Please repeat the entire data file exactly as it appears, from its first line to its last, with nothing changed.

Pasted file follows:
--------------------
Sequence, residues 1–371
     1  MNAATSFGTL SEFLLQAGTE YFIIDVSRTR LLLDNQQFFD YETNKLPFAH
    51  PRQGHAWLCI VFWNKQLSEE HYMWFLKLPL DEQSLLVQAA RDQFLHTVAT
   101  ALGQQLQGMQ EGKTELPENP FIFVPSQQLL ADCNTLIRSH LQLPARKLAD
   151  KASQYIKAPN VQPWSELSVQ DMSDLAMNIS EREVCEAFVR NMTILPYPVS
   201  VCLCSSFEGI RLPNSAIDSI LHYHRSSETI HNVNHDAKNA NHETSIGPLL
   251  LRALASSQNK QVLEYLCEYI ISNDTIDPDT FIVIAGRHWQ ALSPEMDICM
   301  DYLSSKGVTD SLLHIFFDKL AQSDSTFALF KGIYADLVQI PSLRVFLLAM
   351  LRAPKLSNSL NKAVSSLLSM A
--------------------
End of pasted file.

Sequence, residues 1–371
     1  MNAATSFGTL SEFLLQAGTE YFIIDVSRTR LLLDNQQFFD YETNKLPFAH
    51  PRQGHAWLCI VFWNKQLSEE HYMWFLKLPL DEQSLLVQAA RDQFLHTVAT
   101  ALGQQLQGMQ EGKTELPENP FIFVPSQQLL ADCNTLIRSH LQLPARKLAD
   151  KASQYIKAPN VQPWSELSVQ DMSDLAMNIS EREVCEAFVR NMTILPYPVS
   201  VCLCSSFEGI RLPNSAIDSI LHYHRSSETI HNVNHDAKNA NHETSIGPLL
   251  LRALASSQNK QVLEYLCEYI ISNDTIDPDT FIVIAGRHWQ ALSPEMDICM
   301  DYLSSKGVTD SLLHIFFDKL AQSDSTFALF KGIYADLVQI PSLRVFLLAM
   351  LRAPKLSNSL NKAVSSLLSM A